Dr. Larson specializes in information retrieval and database systems, with an emphasis on the system internals. He was involved in the design and development of UC public access online union catalog (MELVYL). He also helped design the algorithms used in the Inktomi web search engine. He is the principal designer of the Cheshire information retrieval system, and active in internation IR evaluations including cross-language evaluations like CLEF and NTCIR.
My current research focuses on several related areas of information retrieval and digital libraries, including how to exploit XML structure and content in heterogeneous collections of XML documents, and how to use the evolving computational Grid/Cloud for IR and digital library applications. I am also investigating ways to use the metadata infrastructure of ontologies (thesauri), electronic gazetteers, time period directories and biographical references to provide enhanced access to a variety of information resources and to generate dynamic portals to related information for a searcher's area of interest. In addition I am working on methods for effective geographic information retrieval (IR that uses a geographic dimension) and geotemporal (search taking into account both geographic and time constraints) in a multilingual environment.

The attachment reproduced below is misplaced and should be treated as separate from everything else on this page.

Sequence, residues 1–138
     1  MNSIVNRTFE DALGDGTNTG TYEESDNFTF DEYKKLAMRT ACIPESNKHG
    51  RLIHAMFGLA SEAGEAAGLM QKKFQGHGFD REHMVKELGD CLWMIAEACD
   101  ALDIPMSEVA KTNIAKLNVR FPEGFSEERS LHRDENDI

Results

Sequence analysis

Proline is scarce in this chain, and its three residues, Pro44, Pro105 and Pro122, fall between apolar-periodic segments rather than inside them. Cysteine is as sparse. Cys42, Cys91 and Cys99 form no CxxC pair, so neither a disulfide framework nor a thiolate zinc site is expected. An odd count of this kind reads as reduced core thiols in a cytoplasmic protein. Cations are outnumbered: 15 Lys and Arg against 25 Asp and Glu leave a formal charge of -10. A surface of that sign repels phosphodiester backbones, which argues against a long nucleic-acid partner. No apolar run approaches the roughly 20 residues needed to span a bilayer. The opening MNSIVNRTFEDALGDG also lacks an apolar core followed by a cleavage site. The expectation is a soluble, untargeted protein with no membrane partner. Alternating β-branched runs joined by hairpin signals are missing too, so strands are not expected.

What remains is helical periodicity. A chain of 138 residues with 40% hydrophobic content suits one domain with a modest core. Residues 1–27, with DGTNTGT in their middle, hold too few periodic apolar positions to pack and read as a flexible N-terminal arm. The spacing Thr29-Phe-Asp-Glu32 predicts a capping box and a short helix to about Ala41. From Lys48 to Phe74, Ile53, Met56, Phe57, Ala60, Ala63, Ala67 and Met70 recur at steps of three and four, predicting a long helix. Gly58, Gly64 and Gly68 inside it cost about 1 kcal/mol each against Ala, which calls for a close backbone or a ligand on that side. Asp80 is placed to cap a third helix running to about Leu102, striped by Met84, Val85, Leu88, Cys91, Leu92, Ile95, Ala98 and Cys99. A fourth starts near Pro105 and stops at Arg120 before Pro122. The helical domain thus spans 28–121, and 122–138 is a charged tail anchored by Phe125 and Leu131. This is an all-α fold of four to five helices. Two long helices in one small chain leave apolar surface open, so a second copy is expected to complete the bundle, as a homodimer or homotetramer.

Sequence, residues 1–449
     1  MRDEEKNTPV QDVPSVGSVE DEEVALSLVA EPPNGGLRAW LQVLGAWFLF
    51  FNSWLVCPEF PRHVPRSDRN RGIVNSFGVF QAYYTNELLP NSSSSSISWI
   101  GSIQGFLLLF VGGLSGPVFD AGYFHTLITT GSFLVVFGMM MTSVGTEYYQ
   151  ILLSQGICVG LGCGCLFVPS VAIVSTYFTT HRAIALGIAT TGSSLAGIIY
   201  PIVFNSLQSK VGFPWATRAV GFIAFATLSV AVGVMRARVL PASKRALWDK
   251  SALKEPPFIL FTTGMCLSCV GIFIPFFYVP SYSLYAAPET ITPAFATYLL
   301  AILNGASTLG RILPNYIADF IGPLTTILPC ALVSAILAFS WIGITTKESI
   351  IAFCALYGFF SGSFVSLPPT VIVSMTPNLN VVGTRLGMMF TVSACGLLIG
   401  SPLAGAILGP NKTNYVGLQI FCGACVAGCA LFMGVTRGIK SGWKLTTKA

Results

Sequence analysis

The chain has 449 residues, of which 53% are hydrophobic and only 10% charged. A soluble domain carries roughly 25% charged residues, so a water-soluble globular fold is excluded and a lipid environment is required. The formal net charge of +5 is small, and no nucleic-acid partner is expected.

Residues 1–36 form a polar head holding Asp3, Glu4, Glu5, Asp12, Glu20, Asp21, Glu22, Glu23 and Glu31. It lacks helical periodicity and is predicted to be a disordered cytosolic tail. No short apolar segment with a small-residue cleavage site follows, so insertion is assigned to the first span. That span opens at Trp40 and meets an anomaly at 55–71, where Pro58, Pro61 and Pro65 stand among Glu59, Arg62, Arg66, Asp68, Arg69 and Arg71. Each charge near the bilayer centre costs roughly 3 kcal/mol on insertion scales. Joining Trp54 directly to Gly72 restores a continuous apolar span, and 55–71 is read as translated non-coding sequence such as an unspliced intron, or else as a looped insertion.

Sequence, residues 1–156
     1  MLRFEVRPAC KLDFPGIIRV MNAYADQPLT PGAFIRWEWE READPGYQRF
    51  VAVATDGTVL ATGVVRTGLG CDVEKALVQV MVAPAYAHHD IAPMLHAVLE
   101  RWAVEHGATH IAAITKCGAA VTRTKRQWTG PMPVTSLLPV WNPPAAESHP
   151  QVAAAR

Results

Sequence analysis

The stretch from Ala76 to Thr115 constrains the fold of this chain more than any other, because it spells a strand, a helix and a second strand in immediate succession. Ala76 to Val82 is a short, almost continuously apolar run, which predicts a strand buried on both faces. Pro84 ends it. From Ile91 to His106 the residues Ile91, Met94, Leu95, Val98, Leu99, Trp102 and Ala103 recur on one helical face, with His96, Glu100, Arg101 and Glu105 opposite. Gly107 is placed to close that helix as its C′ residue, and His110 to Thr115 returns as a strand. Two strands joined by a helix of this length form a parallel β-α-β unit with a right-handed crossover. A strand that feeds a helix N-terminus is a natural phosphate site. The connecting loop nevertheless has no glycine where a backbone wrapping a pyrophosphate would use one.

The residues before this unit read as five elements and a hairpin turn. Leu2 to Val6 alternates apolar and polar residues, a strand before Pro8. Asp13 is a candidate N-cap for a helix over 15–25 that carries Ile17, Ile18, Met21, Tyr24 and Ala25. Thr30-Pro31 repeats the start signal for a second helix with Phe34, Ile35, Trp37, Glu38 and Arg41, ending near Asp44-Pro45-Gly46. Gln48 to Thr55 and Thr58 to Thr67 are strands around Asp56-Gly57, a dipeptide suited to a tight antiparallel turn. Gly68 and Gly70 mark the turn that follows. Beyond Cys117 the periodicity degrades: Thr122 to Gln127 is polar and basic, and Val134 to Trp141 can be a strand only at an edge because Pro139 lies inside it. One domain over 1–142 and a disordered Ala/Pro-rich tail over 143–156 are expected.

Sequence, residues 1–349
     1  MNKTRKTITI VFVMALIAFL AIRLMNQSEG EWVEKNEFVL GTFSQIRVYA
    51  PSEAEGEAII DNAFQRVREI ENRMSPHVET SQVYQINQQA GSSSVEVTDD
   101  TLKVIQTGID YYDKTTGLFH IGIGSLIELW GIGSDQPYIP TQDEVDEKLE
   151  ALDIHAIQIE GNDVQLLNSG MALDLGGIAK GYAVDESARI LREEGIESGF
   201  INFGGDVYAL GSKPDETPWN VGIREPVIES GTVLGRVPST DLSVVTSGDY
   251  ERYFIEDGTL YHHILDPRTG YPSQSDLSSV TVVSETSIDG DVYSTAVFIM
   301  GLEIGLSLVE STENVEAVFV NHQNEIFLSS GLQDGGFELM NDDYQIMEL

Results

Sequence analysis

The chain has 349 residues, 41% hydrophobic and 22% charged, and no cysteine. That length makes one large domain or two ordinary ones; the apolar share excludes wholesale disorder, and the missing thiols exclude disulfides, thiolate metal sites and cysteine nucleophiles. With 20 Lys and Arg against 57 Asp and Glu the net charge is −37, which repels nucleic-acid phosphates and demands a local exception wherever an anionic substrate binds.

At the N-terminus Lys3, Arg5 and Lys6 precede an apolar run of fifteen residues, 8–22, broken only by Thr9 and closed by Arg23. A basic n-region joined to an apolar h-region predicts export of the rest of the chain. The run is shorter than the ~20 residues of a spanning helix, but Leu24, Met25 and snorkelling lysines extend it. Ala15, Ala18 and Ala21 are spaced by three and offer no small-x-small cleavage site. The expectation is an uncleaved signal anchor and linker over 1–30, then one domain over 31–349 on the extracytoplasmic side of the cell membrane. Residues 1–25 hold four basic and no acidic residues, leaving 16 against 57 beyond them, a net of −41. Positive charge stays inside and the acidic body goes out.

I am one of the track coordinators for the GeoCLEF track of the Cross-Language Evaluation Forum (CLEF) and for the Heterogeneous Track of the Initiative for the Evaluation of XML Retrieval (INEX).
B.A., English and Comparative Literature, California State University, Fullerton, 1976
M.S.L.S., Library Science, California State University, Fullerton, 1976
Certificate: Library Automation and Information Science, UC Berkeley, 1979
Ph.D., Library and Information Studies, UC Berkeley, 1986
What is the best thing about working at the I School?
Working with incredibly gifted and interesting students.
What Information issues interests you most?
How to integrate the vast resources of the "dark web" -- all of the databases that underlie the search pages on thousands or millions of web sites, and still make the results usable and comprehensible to users.
Recent courses taught
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